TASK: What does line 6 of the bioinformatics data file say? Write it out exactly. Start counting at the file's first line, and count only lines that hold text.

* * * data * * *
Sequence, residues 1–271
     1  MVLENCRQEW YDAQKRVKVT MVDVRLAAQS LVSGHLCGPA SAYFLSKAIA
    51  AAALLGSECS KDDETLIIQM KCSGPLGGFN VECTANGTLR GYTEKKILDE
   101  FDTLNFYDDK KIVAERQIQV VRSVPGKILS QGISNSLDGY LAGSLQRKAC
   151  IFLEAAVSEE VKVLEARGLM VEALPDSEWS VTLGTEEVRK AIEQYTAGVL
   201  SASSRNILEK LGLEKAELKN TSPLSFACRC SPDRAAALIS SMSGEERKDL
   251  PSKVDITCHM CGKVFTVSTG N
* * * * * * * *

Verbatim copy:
   201  SASSRNILEK LGLEKAELKN TSPLSFACRC SPDRAAALIS SMSGEERKDL